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What is a Miller?

Noblesville High School adopted the Miller as its mascot in 1925.

Could you imagine watching the Noblesville athletic teams competing against other schools without the name “Millers” emblazoned across their uniforms? Well, until 1925, that’s the way it was.

In 1925, C. B. Jenkins, a manager of the Noblesville Milling Company, offered to buy the school all new uniforms if the school agreed to using the nickname “Millers.” This was a common statewide practice at the time, and Noblesville High School adopted the “Millers” as a new nickname.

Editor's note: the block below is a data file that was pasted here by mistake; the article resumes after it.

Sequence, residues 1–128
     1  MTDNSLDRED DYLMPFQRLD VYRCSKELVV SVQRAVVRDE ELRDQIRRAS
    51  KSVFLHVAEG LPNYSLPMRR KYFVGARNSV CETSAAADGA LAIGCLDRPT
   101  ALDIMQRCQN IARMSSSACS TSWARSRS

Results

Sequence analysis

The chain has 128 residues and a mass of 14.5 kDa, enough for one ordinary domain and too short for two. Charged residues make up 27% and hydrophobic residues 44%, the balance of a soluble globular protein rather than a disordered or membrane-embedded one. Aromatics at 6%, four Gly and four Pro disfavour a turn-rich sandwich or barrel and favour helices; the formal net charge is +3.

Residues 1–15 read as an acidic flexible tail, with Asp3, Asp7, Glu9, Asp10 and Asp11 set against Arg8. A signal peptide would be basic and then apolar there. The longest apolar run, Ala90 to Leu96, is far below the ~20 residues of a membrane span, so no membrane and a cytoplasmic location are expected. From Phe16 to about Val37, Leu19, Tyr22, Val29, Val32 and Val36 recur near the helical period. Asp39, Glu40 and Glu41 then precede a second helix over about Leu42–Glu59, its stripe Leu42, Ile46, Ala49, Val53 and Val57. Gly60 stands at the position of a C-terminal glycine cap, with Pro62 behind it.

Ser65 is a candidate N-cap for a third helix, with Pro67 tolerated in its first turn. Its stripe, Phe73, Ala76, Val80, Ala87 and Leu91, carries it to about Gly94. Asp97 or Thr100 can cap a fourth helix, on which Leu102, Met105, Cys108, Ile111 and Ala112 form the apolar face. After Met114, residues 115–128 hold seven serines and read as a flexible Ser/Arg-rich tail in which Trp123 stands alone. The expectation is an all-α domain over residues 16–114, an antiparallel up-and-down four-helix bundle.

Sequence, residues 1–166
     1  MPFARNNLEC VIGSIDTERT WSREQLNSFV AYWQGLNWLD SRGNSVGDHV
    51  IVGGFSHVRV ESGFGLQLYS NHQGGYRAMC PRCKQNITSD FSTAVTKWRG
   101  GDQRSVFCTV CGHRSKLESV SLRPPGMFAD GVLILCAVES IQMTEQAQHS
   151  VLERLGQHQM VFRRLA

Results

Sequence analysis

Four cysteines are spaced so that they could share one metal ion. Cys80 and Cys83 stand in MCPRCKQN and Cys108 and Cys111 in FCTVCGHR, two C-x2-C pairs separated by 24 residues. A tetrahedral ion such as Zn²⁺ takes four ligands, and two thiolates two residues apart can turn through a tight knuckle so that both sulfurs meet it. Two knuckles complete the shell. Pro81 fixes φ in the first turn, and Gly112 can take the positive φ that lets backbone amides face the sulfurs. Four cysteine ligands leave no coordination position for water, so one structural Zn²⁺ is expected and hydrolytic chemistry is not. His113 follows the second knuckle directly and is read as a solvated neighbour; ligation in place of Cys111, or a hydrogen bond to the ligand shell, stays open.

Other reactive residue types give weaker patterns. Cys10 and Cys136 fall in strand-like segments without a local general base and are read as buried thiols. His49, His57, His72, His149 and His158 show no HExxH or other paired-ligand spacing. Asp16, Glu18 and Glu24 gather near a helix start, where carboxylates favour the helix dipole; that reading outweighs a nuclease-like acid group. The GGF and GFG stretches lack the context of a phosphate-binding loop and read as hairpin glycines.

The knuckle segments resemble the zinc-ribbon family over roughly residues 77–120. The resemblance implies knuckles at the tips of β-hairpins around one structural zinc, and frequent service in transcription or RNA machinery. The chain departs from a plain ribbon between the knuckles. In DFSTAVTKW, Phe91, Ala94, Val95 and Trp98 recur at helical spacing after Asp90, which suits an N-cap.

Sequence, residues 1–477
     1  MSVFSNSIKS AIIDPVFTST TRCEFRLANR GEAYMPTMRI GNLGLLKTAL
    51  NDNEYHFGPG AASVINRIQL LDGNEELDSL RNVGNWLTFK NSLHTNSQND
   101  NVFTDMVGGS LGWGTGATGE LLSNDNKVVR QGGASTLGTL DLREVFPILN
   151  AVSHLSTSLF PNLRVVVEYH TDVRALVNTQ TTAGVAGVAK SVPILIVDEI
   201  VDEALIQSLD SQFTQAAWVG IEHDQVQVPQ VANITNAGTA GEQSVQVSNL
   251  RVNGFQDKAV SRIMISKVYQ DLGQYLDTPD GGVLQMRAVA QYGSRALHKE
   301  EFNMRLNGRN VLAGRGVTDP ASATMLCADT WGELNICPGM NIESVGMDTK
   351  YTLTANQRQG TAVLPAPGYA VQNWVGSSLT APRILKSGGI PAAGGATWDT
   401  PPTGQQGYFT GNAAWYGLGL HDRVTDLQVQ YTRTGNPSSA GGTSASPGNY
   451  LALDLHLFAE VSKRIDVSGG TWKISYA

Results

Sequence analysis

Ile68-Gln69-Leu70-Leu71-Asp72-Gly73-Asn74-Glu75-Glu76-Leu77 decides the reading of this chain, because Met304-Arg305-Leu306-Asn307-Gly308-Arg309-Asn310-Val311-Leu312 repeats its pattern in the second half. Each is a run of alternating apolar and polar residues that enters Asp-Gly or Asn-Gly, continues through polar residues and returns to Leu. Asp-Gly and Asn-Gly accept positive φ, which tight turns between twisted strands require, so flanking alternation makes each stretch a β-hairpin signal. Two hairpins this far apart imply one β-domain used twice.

Grain milling was an important industry in the Hamilton County area in the 1850’s, and used the water resources of White River, Cool Creek, and Stony Creek to become nationally known for flour production.

The Noblesville High School athletic teams began competing in sports in the early 1900’s and were known as the “Black and Gold” until Mr. Jenkins’ offer.

The nickname “Millers” and “Lady Millers” (which was adopted in the 1980’s) reflects the heritage of our community and the pride that our community has in our schools and our athletic teams. Our athletes are proud to wear the black and gold as they represent our community.

  • Special thanks to Irv Heath, a lifelong Noblesville resident, for researching this article from the January 29, 1975 Noblesville Topics; and Josh Hilton, NHS Class of 1999, who wrote this article.